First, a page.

Davidson's attorney says lengthy praise service impacted verdict

Lemaricus Davidson's attorney says lengthy praise service impacted verdict

Posted:
6 News legal analyst Greg Isaacs says he's never seen anything like this in his 25 years of criminal defense practice. 6 News legal analyst Greg Isaacs says he's never seen anything like this in his 25 years of criminal defense practice.
LeMaricus Davidson (Source: Knox County) LeMaricus Davidson (Source: Knox County)

By STEPHANIE BEECKEN
6 News Reporter

KNOXVILLE (WATE) - Newly-filed information in the Christian Newsom case is being described as "explosive."

Attorneys for Lemaricus Davidson are asking for a new trial due to outside influences on the jury during deliberations. They say the jury held a religious praise service while deliberating on the death sentence for Davidson.

In newly-released, post-trial information a juror blogged about his experience, causing the defense to question how much evidence and instruction the jury actually considered when making a decision and if the verdict was impacted by the worship service.

Lemaricus Davidson's attorney believes the blog post made by a juror in 2009 provides another reason to request a new trial.

Records show the blog was discovered by the state. Now the defense argues information revealed in the blog shows that the jurors were impacted by outside influences during a religious church service.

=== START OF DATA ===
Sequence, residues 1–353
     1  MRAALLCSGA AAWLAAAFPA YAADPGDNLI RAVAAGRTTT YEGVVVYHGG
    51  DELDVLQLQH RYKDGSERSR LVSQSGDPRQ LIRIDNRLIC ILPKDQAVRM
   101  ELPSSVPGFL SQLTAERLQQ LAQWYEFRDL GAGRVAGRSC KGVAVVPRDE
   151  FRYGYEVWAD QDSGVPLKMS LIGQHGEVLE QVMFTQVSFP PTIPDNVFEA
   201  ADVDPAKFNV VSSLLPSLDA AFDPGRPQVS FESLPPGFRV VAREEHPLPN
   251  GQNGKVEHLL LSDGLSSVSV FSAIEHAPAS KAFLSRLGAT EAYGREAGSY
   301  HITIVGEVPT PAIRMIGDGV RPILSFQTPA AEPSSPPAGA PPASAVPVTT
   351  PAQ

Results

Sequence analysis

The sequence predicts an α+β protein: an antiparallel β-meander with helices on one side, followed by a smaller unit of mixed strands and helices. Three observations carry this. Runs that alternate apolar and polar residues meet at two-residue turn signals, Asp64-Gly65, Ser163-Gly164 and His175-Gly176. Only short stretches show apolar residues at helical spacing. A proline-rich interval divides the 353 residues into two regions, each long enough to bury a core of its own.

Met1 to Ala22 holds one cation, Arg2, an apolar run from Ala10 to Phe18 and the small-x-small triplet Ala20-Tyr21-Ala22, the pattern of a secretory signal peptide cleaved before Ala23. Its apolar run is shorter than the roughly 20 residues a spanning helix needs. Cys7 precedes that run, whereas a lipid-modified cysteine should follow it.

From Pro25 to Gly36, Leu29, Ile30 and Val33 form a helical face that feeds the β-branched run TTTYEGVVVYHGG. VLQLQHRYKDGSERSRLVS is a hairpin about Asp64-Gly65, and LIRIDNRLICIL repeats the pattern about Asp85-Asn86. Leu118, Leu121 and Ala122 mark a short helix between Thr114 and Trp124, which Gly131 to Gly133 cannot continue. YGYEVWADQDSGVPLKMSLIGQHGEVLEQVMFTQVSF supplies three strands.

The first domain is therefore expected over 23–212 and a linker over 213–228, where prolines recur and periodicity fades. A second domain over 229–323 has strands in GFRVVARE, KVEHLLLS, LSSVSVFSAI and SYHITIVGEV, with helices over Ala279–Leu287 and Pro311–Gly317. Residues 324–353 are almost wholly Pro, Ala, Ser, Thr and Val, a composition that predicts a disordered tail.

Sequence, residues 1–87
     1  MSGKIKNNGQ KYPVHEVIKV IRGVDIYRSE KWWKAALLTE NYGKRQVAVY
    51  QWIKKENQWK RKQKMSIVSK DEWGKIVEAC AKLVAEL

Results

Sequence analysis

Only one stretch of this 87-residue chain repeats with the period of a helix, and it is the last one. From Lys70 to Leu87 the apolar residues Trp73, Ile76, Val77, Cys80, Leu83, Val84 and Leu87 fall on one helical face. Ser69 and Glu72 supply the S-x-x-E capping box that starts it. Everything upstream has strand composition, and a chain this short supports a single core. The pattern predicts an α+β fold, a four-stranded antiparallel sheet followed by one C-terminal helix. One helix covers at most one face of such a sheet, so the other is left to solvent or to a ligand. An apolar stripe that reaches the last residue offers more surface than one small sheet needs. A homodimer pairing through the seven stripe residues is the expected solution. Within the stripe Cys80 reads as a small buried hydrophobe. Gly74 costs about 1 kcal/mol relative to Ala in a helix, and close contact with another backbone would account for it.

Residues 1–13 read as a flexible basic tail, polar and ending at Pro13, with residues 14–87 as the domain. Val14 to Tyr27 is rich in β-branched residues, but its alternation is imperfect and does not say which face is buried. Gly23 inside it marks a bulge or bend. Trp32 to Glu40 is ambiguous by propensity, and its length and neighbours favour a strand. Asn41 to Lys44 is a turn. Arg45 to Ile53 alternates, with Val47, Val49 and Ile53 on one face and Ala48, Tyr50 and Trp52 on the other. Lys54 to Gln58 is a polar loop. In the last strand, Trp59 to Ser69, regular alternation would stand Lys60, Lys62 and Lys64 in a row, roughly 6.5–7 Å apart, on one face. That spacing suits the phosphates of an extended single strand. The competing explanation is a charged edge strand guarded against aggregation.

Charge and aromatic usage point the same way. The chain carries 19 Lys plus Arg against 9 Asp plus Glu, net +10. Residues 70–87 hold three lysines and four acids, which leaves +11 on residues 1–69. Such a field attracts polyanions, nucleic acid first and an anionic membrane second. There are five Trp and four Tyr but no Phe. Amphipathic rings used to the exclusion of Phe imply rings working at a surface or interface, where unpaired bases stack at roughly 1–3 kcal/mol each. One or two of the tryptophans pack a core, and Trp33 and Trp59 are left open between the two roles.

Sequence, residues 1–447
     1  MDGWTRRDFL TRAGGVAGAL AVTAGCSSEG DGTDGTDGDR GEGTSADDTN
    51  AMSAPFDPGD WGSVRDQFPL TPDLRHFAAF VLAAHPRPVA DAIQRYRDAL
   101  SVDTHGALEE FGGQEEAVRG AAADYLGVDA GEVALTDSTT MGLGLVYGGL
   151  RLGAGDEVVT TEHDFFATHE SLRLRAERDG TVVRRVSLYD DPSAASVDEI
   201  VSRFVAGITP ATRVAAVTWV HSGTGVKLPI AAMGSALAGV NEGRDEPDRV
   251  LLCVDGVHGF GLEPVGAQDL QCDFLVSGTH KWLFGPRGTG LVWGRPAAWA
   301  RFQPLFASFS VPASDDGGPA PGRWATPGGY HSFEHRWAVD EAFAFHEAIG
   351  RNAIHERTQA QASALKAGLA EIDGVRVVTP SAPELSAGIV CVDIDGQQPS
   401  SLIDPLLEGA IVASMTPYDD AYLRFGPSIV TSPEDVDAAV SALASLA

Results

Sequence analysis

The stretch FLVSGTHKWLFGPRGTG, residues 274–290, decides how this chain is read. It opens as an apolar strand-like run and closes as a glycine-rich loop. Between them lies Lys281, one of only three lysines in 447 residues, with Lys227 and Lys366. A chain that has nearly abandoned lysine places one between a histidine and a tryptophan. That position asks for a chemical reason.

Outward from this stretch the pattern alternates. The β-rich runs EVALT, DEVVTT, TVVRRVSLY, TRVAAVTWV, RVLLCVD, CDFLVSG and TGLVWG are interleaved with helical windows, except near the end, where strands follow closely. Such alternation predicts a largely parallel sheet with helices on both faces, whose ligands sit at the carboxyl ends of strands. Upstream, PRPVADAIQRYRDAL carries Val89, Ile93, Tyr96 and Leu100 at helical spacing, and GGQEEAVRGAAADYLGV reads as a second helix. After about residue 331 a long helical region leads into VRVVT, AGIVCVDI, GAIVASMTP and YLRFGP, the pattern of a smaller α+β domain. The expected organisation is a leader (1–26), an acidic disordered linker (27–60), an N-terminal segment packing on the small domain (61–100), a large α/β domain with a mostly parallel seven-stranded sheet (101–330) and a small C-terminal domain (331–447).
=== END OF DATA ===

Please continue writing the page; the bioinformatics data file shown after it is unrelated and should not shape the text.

6 News legal analyst Greg Isaacs says he's never seen anything like this in his 25 years of criminal defense practice.

"Eighty percent of the deliberations was a - quote - praise service," said Isaacs.

According to court records, the juror wrote in the blog that during deliberations the jurors were split.

Eight jurors believed Davidson should receive death, four were unsure.

The juror wrote that out of the five-plus hours spent deliberating, four hours were spent in prayer and reading the Bible.

"The praise service intensified when the jurors were apparently hung eight to four, so in comes the guitar, in comes the hymns and shortly thereafter comes the vote for death," said Isaacs.

Records provided by a court officer shows that Bible verses were read, a guitar was played and hymns were sung by the jurors.

Isaacs says previous Tennessee cases show that prayer alone is not considered an outside influence and sometimes jurors may attend a church service, but that the four-hour-long religious service while deliberating stretches the First Amendment and the separation of church and state.

"They are charged with making their decision on the jury charge and the facts period, no outside influences. So not only did we have someone reading the Bible like a church service, we had someone conducting hymns and singing a number of hymns during the deliberations," said Isaacs.

In the blog the juror wrote, "We obeyed both God's law and man's law."

Isaacs says man's law is to make a decision based on evidence and the court's instruction. He says God's law varies.

"A church service that consumed much of the deliberation versus actual deliberation, it's very explosive and it will be very interesting to see how the trial court handles this," said Isaacs.

Isaacs believes this question of a religious service during deliberations will go to the Supreme Court of Tennessee and possibly to the United States Supreme Court.

The judge will hear Davidson's latest amended motion for a new trial on January 10 at 9 a.m.

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